Zone: Machining Centers & Milling Machines

OVERVIEW: The term “machining center” describes almost any CNC milling and drilling machine that includes an automatic toolchanger and a table that clamps the workpiece in place. On a machining center (as contrasted with a turning machine), the tool rotates, but the work does not. The most basic variety of this type of machine is also the most basic CNC machine tool—a vertical machining center. While vertical machining centers can be high-end machines because of their precision and/or their size, a small and simple vertical machining center is a relatively low-cost CNC machine tool that often represents a new machine shop’s first machine tool purchase. The orientation of the spindle is the most fundamental defining characteristic of a machining center. Vertical machining centers and horizontal machining centers have (obviously) vertically and horizontally oriented spindles. Vertical machines generally favor precision while horizontal machines generally favor production—but these generalizations are loose, and plenty of machines break out of them. Other choices in machining center orientation include the universal machining center, which can change between vertical and horizontal spindle arrangement. More common than this is the five-axis machining center, which adds rotary motion to the machine’s linear motion. The machine pivots the tool and/or the part not only to mill and drill at various angles, but also to mill swept surfaces. Machining centers linked by an automated pallet system can form an automated machining cell. Such a cell can machine a queue of different parts without operator attention by shuttling the parts in and out of the various machines as appropriate. Related machines in this category include the boring mill, which generally describes a large machine for heavy and/or precise milling and hole making. Another related machine is the manual milling machine. Such a machine may have some basic programmability, but it generally lacks an automatic toolchanger, meaning the tool change is a manual step.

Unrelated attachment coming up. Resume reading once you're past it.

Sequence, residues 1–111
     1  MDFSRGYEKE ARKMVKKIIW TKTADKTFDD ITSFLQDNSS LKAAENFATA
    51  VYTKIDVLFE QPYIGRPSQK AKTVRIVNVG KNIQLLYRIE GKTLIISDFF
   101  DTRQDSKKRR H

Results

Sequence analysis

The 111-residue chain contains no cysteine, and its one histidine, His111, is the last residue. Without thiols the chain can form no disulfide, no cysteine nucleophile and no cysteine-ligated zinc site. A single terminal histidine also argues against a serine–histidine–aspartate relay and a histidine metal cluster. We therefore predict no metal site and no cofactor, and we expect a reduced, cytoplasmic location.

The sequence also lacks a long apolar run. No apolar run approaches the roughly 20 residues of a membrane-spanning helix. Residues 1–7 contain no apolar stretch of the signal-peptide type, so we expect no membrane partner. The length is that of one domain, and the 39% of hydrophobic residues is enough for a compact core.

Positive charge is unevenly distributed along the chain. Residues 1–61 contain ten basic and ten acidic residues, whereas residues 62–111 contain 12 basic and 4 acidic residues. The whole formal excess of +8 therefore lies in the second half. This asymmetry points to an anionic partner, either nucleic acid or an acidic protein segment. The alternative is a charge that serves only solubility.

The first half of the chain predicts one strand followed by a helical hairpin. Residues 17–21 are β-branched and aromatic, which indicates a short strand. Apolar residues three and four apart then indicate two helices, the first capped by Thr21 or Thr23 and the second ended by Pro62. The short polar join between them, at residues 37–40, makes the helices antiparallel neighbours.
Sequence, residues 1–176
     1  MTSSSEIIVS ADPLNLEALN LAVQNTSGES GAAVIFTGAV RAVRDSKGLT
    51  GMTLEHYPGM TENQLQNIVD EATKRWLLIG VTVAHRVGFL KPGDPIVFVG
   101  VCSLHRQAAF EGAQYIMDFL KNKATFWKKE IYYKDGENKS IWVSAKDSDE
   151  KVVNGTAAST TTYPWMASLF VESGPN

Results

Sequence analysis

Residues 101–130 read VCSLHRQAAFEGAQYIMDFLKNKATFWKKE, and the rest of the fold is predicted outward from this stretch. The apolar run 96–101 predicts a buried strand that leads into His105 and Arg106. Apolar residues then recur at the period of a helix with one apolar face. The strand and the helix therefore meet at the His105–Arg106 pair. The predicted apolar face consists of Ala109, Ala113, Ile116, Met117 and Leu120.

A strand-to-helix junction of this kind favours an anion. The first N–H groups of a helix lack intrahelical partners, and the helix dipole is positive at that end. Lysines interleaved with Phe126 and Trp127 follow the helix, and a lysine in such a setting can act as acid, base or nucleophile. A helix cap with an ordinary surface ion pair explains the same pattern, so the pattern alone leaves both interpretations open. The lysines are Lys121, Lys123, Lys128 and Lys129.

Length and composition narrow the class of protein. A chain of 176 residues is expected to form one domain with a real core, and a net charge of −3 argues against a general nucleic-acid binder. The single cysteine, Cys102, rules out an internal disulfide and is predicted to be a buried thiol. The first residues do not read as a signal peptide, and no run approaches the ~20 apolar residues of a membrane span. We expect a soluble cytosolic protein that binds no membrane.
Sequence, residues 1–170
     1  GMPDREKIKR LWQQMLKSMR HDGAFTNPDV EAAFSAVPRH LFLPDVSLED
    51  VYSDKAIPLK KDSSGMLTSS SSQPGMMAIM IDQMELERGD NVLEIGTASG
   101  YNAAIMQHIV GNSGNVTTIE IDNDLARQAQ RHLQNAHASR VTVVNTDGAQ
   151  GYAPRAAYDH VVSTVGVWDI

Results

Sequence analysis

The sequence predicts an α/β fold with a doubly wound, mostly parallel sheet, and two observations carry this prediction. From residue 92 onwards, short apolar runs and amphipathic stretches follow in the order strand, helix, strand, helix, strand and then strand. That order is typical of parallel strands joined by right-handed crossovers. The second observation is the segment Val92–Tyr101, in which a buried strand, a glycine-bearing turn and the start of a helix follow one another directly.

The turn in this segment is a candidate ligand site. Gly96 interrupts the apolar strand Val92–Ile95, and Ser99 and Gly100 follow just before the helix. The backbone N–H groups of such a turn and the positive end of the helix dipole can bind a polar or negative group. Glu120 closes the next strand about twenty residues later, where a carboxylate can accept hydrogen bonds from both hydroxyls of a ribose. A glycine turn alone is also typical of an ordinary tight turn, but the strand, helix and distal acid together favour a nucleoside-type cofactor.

Featured Zone Content

Beyond Secondaries: Vertical Machining Center Enhances OEM's Capability

Like many turning based shops, Clippard Instrument Laboratory first applied vertical machining centers to perform secondary operations on its screw machined parts. That view has changed for the better. ...MORE

Starrag Heckert HEC 800 X5 MT

Five-Axis Machine Offers High Dynamics for Complex Workpieces

The Heckert HEC 800 X5 MT five-axis machining center, available from Starrag, provides productivity, process reliability and precise cutting in a single clamping. ...MORE

Starrag Dorries Scharmann Technology Ecospeed

Machines Offer Parallel Kinematics for Aluminum Components

Dörries Scharmann Technology (DST), a subsidiary of Starrag Group, extends its Ecospeed range of parallel kinematics machines for productive machining of aluminum structural components in the aerospace industry. ...MORE

Starrag Heckert DBF 630

HMC Delivers Turning, Drilling, Milling with Single Clamping

The Heckert DBF 630 HMC, available from Starrag, enables turning, drilling and milling of non-rotational, asymmetrical parts in a single clamping with one toolholder. ...MORE

Hybrid Machine Combines Additive, Subtractive Processes

DMG MORI’s Lasertec 65 hybrid manufacturing machine combines additive and subtractive processes to produce a complete part from powder. ...MORE

How Much Can Unattended Production Add?

Using a horizontal machining center, this shop kept production going through two 10-hour shifts per day. That seemed like a lot, but a pallet system enabled the shop to go even further. ...MORE

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